Marin County Probationers Honored for Remarkable Turnarounds
Probation’s inspiring ‘Wall of Change’ recipients bask in pride at ceremony

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From Marin County Probation New Release.

San Rafael, CA – Boris Rodriguez of Novato is a responsible young man now, but for much of his adult life he was responsible for a lot of anguish. 

Three convictions for driving under the influence of alcohol or drugs got him intimately involved with the justice system, of which the Marin County Probation Department is a critical public safety cog. After Rodriguez served time in both Marin County Jail and state prison, Probation Department officers sought a personal commitment from Rodriguez to get sober and turn his life around. And he did.

Rodriguez was one of nine people honored on February 7th at the Marin County Civic Center’s Board of Supervisors chamber for accepting renewed responsibilities and becoming positive role models for others. They were the newest probationers honored on the Probation Department’s Wall of Change, on which personal stories of their transformations are documented in the department’s lobby for all visitors to see. 

In addition to Rodriguez, the 2023 honorees were (in alphabetical order) Bandit Bo Adair, Leticia Algere-Garcia, Jeff Barbe, Craig Dennis, Dionicio Hernandez Lorenzo, Briana Leppanen, Caitlin Longini, and Emily Pizzagrani.   

The ceremony was hosted by Marin County Probation Chief Marlon Washington and his staff; recovery coach Alan Miller served as the emcee. Michael Salinas, a former gang member and prisoner who founded and runs a nonprofit called Youth Recovery Connections, delivered the keynote speech. The event opened with a short documentary film about the honorees created by Vincent Cortez and Sofia of Mitchell Street Pictures. 

All of the Wall of Change honorees through the years have incredible comeback stories to tell. Many of them were lucky to survive.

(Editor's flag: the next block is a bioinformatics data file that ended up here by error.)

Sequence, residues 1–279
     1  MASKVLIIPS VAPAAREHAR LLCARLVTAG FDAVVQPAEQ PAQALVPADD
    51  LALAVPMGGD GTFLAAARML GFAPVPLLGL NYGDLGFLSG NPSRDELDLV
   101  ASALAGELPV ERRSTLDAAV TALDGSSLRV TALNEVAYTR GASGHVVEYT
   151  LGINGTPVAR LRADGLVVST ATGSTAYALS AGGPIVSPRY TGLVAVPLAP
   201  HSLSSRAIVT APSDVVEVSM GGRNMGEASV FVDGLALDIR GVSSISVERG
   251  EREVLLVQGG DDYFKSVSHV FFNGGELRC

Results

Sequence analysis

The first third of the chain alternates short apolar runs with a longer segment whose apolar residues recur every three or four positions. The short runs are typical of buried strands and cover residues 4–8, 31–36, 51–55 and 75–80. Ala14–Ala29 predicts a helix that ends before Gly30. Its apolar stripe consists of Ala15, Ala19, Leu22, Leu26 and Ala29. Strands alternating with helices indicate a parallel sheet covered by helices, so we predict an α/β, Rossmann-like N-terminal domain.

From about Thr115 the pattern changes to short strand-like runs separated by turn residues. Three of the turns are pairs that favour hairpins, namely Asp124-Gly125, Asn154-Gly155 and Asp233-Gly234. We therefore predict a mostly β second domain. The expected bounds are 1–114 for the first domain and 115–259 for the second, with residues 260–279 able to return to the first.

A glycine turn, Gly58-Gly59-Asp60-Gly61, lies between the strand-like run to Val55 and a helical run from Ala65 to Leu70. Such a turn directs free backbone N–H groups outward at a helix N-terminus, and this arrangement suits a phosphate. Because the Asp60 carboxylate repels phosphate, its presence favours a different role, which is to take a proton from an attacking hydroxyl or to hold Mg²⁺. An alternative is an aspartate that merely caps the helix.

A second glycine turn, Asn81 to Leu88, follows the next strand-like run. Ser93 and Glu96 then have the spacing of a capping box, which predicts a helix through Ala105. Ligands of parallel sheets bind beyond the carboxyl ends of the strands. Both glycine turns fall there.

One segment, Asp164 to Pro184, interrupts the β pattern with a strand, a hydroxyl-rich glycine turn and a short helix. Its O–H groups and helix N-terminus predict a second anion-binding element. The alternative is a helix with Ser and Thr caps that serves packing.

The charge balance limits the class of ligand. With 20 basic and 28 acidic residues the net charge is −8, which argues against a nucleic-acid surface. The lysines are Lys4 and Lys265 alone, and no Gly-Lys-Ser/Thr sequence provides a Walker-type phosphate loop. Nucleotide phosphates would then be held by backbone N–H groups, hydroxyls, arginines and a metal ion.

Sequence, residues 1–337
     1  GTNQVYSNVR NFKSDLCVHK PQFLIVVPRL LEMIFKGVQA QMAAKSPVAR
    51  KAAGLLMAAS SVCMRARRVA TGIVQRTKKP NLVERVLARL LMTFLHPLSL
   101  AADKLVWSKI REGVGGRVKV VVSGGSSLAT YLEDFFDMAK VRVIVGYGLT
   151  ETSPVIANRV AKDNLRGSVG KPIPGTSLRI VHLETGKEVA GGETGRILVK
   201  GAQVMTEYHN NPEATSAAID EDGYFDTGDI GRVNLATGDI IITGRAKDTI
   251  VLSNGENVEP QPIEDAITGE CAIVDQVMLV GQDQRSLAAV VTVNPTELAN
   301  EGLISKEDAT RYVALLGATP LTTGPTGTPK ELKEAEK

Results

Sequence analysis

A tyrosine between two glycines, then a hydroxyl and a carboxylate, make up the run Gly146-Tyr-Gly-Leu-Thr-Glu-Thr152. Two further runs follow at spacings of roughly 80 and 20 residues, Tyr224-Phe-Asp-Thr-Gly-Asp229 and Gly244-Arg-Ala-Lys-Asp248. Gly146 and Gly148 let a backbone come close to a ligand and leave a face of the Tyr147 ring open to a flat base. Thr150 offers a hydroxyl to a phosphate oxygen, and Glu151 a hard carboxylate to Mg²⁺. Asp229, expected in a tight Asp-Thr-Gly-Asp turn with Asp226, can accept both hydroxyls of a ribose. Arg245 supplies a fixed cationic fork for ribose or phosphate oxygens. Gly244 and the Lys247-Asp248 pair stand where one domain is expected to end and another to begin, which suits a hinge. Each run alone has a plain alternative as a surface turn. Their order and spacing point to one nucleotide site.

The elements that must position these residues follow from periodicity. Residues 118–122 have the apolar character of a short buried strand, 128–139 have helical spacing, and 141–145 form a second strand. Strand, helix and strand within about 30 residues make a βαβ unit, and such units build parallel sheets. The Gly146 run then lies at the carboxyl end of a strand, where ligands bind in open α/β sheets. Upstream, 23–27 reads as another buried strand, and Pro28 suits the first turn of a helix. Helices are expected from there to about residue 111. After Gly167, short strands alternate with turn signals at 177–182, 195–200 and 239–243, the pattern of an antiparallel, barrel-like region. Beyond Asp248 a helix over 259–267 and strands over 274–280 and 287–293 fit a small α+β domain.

Rodriguez, a native of Guatemala who moved to Marin when he was 11, earned his first DUI at the age of 18. Lesson not learned, he was nailed with his second one was when he was 24, prompting 16 months behind bars. The third DUI came in 2020, when he was 29. 

“At the beginning, I didn’t want to admit that I had violated probation,” Rodriguez said. “I was in denial.”

Heather Donoho, a senior deputy probation officer assigned to Rodriguez’s case, said Rodriguez’s attitude at the time was frustrating.

“I told Boris I won’t vouch for him if he wasn’t honest with me,” she said. “I was prepared to recommend imposition of his state prison sentence if he wasn’t going to be forthcoming. Fortunately, he came clean and we talked about all the good things he has done prior to his relapse, what led to his relapse, and what we needed to do to move forward. Boris needed to learn how to deal with life’s stressors without turning to drugs and alcohol. I knew he wouldn’t learn that skill in prison, but in a treatment program he would.”

“Heather finally told me, ‘I am giving you one more chance, and otherwise it’s gonna be bad for you,’” Rodriguez said. “At the time, my wife had told me we were expecting another baby. Since then, I have been doing the right thing.”

Rodriguez was sentenced to 21 more days in jail followed by four months in substance abuse rehab and had to wear a tracking anklet. Today, at 32, he has a job with an excavation company and works with teams that grade land before a building is constructed. 

Once a year, an emotional celebration is held for those who come to a similar realization and make it on the Wall of Change, selected by a committee for providing the department’s most inspirational success stories of the year. The framed Wall of Change stories and photos include a first-person account from the probationer and words from their assigned probation coach. The annual ceremony also shows appreciation for the Probation officers and other supporters who sometimes find themselves as the only people who believe in the probationer.

For Rodriguez and many other Wall of Change honorees, it’s not just the Probation staff that proves vital to their transformation but also trusted workers from law enforcement agencies, the judges of Marin County Superior Court, the Public Defender’s Office, detoxification centers, supportive nonprofits, social workers, and supportive friends and family who have not given up on them. Several recovery coaches and counselors who played critical roles in supporting the probationers attended the Wall of Change ceremony.

Donoho was beaming when she listened to Rodriguez tell the audience his story and thank those who made positive influences on his life. 

“To this day I tell Boris that I don’t think I could have followed through with the many arduous tasks that were asked of him,” she said, “but he did, and he did so with huge success. Boris would not have been successful if not for his resiliency.”

“Before, nothing was for sure,” Rodriguez said. “I could’ve lost my job any time because of another mistake. Life is way better now, and I am proud. I am happy looking back at what I have accomplished. My parents and my family are happy for me.”

Learn more about Marin County Probation online or view the Wall of Change video.